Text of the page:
Wednesday, May 25, 2022
Outlook.com
#WeekendReads

Poems of Colours, Memories, Sounds, Tastes and Smells

These poems bring alive images of twinkling jasmine flowers and purple geraniums; mynahs and mockingbirds; guavas and grapefruits to make profound comments on immigration and nostalgia; war and resilience, generosity and dreams

Poems of Colours, Memories, Sounds, Tastes and Smells
'down the street from my house a guava tree grows'

darn you jasmine

jasmine grows in my yard
its white flowers twinkling in the air 
i smell it in the evening to catch a whiff 
 
of long-ago girlhood that sits twined around a jasmine vine
in the left-behind land where mynahs sang 
this is not night jasmine claudio reminds me 
 
for the nth time
yes yes of course I tell myself
this one is another variety of jasmine and not
 
the night jasmine — sweet  wild  intoxicating
night jasmine and mynahs take on mythic dimensions in my mind
like I never knew them but I did in the left-behind land just as
 
I did koels kachnaar blooms gulmohar petals
and a wide-eyed younger me
darn you jasmine why do you evoke
 
past sights smells sounds memories 
make me crave gawky teenage with its
callow foolishness and uncertainty
 
god knows it takes a lot to get where i have —
a breathless flight over 2 colossal oceans
sweat toil tears rebirth resurrection

Color Memory Smell

It’s a large California grapefruit
Flaming orange on the outside
Ruby red segments inside
 
I stare before biting into it
Its juicy sweetness mingling with the 
Tart memory of Grandpa’s yellow Indian grapefruit
 
A grapefruit is a grapefruit is a grapefruit
It’s not a mango
It’s eaten for benefit everyone says 
 
Orange ruby red yellow
Colors explode in my head
Grandpa coughing up stories of World War-II
 
Of battles won and skirmishes lost
Of a river that turned ruby red
Life hanging in the balance
 
Does memory have benefit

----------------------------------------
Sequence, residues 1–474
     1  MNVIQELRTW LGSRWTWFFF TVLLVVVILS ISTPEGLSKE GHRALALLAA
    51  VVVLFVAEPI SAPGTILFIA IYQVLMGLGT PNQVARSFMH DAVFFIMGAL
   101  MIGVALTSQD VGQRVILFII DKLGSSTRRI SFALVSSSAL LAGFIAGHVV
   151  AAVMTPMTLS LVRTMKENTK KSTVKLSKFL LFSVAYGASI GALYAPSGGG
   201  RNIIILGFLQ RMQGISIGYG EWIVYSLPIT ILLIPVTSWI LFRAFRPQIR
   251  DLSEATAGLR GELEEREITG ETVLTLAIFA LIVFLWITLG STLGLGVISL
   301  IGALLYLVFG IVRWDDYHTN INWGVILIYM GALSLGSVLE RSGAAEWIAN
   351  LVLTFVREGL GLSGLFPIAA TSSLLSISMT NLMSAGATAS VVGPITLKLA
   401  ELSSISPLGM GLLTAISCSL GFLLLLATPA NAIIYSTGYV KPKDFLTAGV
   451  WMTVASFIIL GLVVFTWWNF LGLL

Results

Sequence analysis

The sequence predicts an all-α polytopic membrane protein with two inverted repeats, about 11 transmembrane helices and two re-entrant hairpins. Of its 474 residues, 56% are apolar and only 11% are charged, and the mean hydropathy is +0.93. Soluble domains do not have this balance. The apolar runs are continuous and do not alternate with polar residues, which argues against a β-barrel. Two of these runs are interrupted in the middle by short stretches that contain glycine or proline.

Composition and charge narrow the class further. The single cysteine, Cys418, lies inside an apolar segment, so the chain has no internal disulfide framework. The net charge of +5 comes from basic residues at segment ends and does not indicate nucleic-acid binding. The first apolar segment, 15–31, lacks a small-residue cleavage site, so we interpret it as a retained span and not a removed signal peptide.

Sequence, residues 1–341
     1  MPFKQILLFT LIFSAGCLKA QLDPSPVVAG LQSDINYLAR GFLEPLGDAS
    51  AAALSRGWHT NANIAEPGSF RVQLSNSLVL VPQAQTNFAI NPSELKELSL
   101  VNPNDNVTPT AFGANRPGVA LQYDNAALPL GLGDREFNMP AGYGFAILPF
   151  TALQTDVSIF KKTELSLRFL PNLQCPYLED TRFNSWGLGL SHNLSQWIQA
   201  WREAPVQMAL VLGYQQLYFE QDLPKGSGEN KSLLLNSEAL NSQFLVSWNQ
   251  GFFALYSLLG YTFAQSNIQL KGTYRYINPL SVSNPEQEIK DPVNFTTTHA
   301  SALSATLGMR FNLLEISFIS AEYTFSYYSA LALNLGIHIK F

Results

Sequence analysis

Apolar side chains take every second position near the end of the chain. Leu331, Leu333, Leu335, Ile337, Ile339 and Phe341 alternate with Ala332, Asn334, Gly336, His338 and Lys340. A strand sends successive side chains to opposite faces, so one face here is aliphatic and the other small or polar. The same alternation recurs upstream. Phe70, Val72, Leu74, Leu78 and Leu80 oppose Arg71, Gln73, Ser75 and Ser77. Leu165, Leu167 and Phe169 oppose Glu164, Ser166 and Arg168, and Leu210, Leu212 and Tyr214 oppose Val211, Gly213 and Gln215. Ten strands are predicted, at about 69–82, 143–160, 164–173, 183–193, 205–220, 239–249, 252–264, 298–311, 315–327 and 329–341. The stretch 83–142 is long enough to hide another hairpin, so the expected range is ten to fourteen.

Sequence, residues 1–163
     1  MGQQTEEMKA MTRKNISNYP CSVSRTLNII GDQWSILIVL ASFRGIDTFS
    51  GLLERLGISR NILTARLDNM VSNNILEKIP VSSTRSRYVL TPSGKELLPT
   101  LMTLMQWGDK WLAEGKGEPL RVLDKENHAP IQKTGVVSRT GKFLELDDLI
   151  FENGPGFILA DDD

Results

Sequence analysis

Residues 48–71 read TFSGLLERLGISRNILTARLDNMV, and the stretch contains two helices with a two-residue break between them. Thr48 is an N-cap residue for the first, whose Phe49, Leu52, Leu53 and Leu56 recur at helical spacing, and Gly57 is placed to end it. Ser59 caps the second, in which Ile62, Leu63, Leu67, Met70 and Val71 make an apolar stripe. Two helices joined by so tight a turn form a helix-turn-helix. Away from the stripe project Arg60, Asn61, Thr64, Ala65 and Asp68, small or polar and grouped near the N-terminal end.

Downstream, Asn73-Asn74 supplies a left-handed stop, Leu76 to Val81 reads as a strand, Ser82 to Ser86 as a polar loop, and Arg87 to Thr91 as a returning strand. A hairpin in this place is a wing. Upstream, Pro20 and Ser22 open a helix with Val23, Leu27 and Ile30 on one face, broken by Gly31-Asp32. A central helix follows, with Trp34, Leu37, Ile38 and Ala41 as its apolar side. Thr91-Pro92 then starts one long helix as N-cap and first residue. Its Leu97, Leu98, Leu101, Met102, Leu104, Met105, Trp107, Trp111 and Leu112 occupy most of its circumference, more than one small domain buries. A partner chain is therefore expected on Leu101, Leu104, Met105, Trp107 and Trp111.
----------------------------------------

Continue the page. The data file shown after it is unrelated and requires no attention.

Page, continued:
Does color
Do the both of them together
 
I hold the grapefruit close
It smells of wild lilies and resilience clean paper and courage
It smells of today

down the street 

down the street from my house
a guava tree grows
 
in someone’s backyard 
i knew of it for years without seeing it
 
i knew for instance that it was a small tree
young happy and leafy and that
 
it flowered in january
bore fruit in march and that
 
it was frequented by mockingbirds who sang of long-kept secrets and faraway lands
of promises made and bonds broken and that
 
the guavas were speckled green on the outside
and bright pink on the inside
 
this spring they invited me over
yes for the first time in 18 years and 
 
i walked through their living area into the kitchen to peek out of the window and there the tree stood 
i knew it from its smell just as it knew me from mine 
 
I stepped into the backyard and walked up to it 
I plucked 3 guavas 
 
bit into 1 right away and
stuffed 1 each in my 2 pockets
 
they smiled i smiled
in my mind i swore that I’d always be generous 
 
a tree is known by its fruit
a girl by her heart

purple dreams

you said where geraniums grow
dreams abound
i took your words to heart 
loving nurturing cherishing geraniums
growing them in planters and in flowers beds
year after blossoming year
boy how they have done me proud
dazzling my yard with beauty
infusing my heart with friendship
as for dreams
they appear both elusive and attainable
more real than reality 
everywhere and nowhere
if only they were the colors of my geraniums 
persistent prolific peculiarly purple.
 
(Simrita Dhir is a California-based academic and novelist. She is the author of the critically acclaimed novel The Rainbow Acres)

Advertisement
Advertisement
Advertisement